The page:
Essential considerations in belt conveyor design
With an unprecedented demand for raw minerals, belt conveyors are more critical to the mining industry than ever before; from transporting material over rough terrain, to delivering product to loadout and every stop in between, belt conveyors keep minerals moving from mine to market.
Troughed belt conveyors serve as the basis of all handling systems, thanks to their flexibility, opportunity for customization, and the many settings in which they can be applied. However, the harsh operating conditions, heightened risks, increasingly high-value products, and often remote locales associated with the mining industry mean that standard conveyor designs are insufficient. For a safe, reliable, and efficient conveyor system, producers must take several factors into consideration during the design stages to achieve a successful result.
Priority 1: Safe operation
Depending on the site location, different bodies may oversee safety regulations, but maximizing safety is always a top priority. By utilizing conveyors, facility managers are already improving safety by reducing the need for manual transport, but the inclusion or reinforcement of a few additional components can further bolster site safety.
Guarding – Guarding is essential to any operation, no matter the industry, protecting workers from moving parts and pinch points. The heavy loads and high torque associated with mining conveyors makes guarding even more important in these settings. For these reasons, many producers choose to go beyond the minimum requirements for guarding, incorporating additional guarding where appropriate and ensuring guarding is made of heavy-duty materials that can withstand any potential impact.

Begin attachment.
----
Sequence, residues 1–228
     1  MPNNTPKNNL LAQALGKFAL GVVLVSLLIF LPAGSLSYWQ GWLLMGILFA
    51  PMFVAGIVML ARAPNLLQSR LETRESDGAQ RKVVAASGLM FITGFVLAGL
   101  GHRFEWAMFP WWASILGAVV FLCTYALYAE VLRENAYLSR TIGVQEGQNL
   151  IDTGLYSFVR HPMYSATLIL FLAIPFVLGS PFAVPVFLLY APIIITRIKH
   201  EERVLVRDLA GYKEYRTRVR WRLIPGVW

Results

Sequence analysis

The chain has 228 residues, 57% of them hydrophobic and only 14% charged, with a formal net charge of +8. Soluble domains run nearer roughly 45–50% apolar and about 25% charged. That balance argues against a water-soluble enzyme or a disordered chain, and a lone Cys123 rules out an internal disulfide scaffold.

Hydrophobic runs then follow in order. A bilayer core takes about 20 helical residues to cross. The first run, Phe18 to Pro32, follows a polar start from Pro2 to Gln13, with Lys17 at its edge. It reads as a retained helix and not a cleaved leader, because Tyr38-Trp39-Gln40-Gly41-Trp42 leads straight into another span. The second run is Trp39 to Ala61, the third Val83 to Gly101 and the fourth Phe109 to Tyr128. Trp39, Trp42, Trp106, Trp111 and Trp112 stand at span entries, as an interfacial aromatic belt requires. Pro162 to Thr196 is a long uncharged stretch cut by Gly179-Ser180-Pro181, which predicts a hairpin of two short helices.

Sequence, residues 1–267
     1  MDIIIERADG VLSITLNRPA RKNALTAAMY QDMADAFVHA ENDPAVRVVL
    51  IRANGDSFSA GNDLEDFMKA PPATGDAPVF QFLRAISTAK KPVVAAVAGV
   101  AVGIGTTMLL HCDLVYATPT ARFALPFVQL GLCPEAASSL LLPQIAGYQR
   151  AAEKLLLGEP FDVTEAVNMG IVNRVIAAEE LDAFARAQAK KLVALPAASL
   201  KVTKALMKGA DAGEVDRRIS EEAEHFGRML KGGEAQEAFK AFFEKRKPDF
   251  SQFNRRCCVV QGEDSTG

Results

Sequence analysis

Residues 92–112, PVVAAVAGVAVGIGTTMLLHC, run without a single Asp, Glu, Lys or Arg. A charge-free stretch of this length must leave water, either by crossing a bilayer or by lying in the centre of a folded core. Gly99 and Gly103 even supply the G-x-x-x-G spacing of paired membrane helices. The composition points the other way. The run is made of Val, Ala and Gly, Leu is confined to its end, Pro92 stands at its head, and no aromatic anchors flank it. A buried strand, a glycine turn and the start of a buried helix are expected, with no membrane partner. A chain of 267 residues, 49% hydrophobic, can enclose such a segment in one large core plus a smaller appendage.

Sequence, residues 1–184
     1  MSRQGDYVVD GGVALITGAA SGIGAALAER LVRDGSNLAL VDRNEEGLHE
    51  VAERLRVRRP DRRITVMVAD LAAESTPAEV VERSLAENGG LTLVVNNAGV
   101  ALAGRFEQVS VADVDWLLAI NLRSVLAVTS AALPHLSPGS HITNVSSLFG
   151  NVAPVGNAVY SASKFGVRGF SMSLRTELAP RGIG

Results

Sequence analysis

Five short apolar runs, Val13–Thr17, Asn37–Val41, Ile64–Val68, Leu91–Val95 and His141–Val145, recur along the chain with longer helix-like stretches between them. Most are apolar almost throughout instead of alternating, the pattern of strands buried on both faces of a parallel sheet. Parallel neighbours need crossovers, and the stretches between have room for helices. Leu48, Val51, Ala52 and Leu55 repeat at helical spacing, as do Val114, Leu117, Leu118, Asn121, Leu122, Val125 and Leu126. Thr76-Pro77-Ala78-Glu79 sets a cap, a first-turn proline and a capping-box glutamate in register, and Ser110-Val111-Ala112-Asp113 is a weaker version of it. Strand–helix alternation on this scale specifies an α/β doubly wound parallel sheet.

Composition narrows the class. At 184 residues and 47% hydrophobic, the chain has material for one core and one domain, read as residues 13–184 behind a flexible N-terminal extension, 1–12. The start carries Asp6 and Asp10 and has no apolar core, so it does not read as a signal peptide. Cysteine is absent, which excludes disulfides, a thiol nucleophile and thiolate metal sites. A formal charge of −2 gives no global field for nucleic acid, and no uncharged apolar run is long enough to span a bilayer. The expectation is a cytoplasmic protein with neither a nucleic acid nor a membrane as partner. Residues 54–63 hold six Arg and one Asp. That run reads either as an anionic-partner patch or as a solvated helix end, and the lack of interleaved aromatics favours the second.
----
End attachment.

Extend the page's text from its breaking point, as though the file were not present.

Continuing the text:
Additional protection such as the use of closed-end housing bearings or idler guards that act as a catch basket (to protect employees from a falling idler in the event of a failure) can also be incorporated.
Emergency shut-offs – Emergency pull-cord switches should be included at regular intervals along the length of the conveyor and should include a pull-cord which runs the entire length of the conveyor.
Training – Comprehensive employee training on both operation and maintenance is critical to minimizing risks, as well as eliminating unnecessary human-
Maintenance – Conveyor systems must be regularly inspected and maintained per the OEM’s recommendations. Early identification of issues typically allows them to be addressed before they can escalate into a major safety hazard. Regular inspection and maintenance are also imperative to maximizing equipment service life and efficiency.
Fugitive dust control – Fugitive dust (or other material) control measures are necessary to mitigate the many hazards associated with dust. A buildup of fugitive material is often the cause of trips, slips, and falls, as well as failed components and even premature equipment failure.
For these reasons, skirtboards are often added at loading points to prevent fugitive material from escaping. Dust pick-off points can also be incorporated, allowing fugitive dust to be captured.
Priority 2: Reliability
A stalled operation can quickly incur extensive costs in lost productivity (not to mention maintenance costs). Further, remote mine sites can often mean weeks of waiting on a repair or replacement component, making reliability a top priority.
Conveyor reliability is dependent upon a number of factors. Most notably the following:
Build quality – Mine-duty conveyors require heavy-duty components and rugged materials of construction. This might also include the use of special cover compounds, galvanization, or other treatments to protect structural components from the elements and fugitive material.
Wear liners such as UHMW, Tivar, or abrasion-resistant steel are also often incorporated.
Material characteristics such as bulk density, moisture content, particle size distribution, corrosivity, abrasiveness, and more must all be factored into the design and selection of components.
Maintenance – Even the most well-designed conveyor cannot remain reliable without proper maintenance. Pre-emptively replacing worn components not only helps to prevent unexpected downtime, but it also contributes to a safe working environment. Keeping a comprehensive inventory of spare parts also helps to minimize unnecessary downtime.